A: I do not understand the question. But if you are canvassing votes, then I would describe my position as a vote for "do it / doe het". Please / aub.
Charles01 (talk) 11:07, 22 May 2018 (UTC)
♠I'd strongly favor adding these as optional, & I'm frankly surprised track (or tread) isn't standard now. It's in many (all?) the specs I've ever seen published. (It might need linking out, too, for those unfamiliar with it.)
♠I'd also favor adding some of the "missing" items, including turning radius, fuel capacity, & maybe others; I'm less sure about transmission, bore & stroke, & such, because they're very model- or option-dependent.
♠Linking to the articles for approach/departure angle would be good, & that's not an uncommon thing for infoboxes, so it shouldn't create problems. TREKphiler any time you're ready, Uhura 21:17, 21 May 2018 (UTC)
I am, broadly speaking, in favor of adding more fields to the infobox.
The production number (XYZ,ABC units) should have been included a long time ago. It might make sense to position it between the model years and assembly field.
Adding more engine related fields wouldn't be helpful in my opinion. Cars with a lot of engine options already have a lengthy infobox. In addition Template:Infobox engine exists and covers those details. A change as to how engines should be added to the infobox might be better, e.g. when the article has a table that lists all engines or something similar just have the cliff notes version in the infobox. Aka Petrol engines: 4L–6.7L V8 (XYZhp–XZZhp).
Opposed to the idea of the unit_cost field. There is no good way to list prices that are relevant to the average reader because of region differences, different taxes, differing equipment levels and so on.
Seats could be useful, especially for models with an optional third row as with many SUV and minivans.
2A04:4540:904:F00:4423:4D70:A45:1A62 (talk) 20:11, 22 May 2018 (UTC)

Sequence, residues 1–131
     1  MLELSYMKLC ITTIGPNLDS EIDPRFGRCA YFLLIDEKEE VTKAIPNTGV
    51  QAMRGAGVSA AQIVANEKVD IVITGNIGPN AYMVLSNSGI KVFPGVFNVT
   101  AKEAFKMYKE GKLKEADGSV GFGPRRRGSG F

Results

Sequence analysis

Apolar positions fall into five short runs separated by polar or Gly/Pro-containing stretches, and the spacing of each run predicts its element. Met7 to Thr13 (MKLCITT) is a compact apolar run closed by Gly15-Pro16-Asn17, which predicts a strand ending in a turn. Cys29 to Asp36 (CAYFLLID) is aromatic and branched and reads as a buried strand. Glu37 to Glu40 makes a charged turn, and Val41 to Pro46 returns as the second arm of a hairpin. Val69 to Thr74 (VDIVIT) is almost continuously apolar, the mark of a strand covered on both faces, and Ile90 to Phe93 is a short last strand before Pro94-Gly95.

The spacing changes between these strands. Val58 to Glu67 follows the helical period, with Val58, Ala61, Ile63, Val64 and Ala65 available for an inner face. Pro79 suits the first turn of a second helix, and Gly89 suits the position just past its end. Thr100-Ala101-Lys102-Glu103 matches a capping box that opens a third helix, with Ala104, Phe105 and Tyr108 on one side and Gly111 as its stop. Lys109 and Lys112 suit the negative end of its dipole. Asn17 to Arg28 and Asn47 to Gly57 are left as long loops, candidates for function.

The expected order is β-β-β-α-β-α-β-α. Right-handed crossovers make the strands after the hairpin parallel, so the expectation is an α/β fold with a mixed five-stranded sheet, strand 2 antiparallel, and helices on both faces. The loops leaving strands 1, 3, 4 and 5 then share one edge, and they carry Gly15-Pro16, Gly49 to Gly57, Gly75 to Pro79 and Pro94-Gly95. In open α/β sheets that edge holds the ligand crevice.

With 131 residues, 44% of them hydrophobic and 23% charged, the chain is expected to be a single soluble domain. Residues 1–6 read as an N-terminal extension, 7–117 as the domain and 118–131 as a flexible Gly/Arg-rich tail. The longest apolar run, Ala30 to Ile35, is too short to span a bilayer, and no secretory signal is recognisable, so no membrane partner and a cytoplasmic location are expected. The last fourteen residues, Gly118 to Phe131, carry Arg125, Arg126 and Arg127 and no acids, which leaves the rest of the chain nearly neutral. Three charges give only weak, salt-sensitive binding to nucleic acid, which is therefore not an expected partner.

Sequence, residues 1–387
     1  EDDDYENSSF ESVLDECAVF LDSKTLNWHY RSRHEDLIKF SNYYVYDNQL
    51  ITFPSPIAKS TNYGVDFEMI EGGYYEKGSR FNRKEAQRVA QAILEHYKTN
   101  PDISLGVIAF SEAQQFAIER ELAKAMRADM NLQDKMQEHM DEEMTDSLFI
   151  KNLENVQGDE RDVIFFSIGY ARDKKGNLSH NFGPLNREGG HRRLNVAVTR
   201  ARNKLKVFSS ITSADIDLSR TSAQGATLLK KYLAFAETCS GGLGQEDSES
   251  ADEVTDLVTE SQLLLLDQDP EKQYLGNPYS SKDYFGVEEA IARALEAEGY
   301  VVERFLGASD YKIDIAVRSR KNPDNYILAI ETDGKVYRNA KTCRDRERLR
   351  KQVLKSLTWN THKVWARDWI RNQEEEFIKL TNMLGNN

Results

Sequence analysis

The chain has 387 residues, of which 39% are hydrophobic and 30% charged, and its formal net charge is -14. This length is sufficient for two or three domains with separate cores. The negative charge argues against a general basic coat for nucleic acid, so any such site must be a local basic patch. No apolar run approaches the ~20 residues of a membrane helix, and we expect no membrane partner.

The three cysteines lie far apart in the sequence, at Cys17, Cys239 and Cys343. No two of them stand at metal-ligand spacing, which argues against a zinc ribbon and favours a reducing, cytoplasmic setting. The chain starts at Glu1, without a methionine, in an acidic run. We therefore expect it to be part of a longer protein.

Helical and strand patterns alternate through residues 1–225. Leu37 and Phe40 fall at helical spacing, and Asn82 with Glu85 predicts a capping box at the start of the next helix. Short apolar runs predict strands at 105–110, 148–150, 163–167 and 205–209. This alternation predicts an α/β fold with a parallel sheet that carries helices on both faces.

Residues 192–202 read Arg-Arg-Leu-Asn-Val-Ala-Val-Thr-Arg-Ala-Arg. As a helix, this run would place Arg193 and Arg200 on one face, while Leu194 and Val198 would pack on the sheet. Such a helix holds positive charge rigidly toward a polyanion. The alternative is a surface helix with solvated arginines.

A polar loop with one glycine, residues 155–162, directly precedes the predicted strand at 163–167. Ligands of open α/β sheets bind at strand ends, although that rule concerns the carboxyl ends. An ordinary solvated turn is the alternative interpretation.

The proposed engine fields belong in the corresponding engine article, to avoid clutter and duplication (especially when the car article and the engine article don't agree).
The production numbers field promises to be a minefield. Is it total number produced so far (a maintenance headache to update every month), list of subtotals per market, list of subtotals per year, list of subtotals per model/grade, etc. This is the job of the Sales section.  Stepho  talk  22:49, 23 May 2018 (UTC)
Sales section is equally a minefield. The production number for the infobox should perhaps only be added after production of a model, or generation of a model, has ended. The number should be of total production, all markets (RHD & LHD), all variants. A subtotal should only be allowed for notable sub models. As an example Ford made a total of 123456 F-150 (12th gen), of those 789 were a Raptor. Strict guidelines are needed so not every special edition gets added and causes clutter.
Totally agree that the proposed engine fields should not be added to the infobox. I thought this was adequately expressed with the sentence, apologies if it was not clear enough. 2A04:4540:906:5200:1893:877C:ECAB:8A44 (talk) 13:07, 26 May 2018 (UTC)
Looking at the infoboxes side-by-side, it can show how the automobile infobox may have some room to grow. However, when it comes to some of the specific information (bore/stroke/ignition/compression ratio), I feel that this information is best accommodated by the engine-related infobox; we can click on a link to those specific articles to find that information. For the parameters about cost, I would say no, as automobile articles generally do not focus on pricing unless it is highly notable. Suspension, steering, and brake types might be parameters worth including alongside engine and transmission, though. As far as seating capacity, I would say yes (this infobox is used for many types of vehicles besides cars), along with payload capacity (while N/A for car articles, this would be a parameter relevant to other types of vehicles). Most of all, having a footnotes/ref parameter could make source-editing the infobox a LOT easier... --SteveCof00 (talk) 04:53, 25 May 2018 (UTC)
Notability of Pricing / cost factors should not be underestimated — it was one of the crucial factors that made the Ford Model T the Car of the 20th Century, and cost-cutting was equally crucial in historic design decisions, like the omission of a front stabilizer bar on the "Unsafe at Any Speed" Chevrolet Corvair, and the Ford Pinto's explosive fuel system vulnerabilities, etc. --GeeTeeBee (talk) 23:39, 25 May 2018 (UTC)
I don't think anybody suggests pricing or cost should be omitted from the article entire, just from the infobox, which is not meant to make reading the article unnecessary. It's supposed to be useful for someone who wants to "hit the highlights", AIUI, in much the same way the C&D spec page (frex) does. A parameter for "available engines" should be mandatory (if it's not already...) TREKphiler any time you're ready, Uhura 02:32, 26 May 2018 (UTC)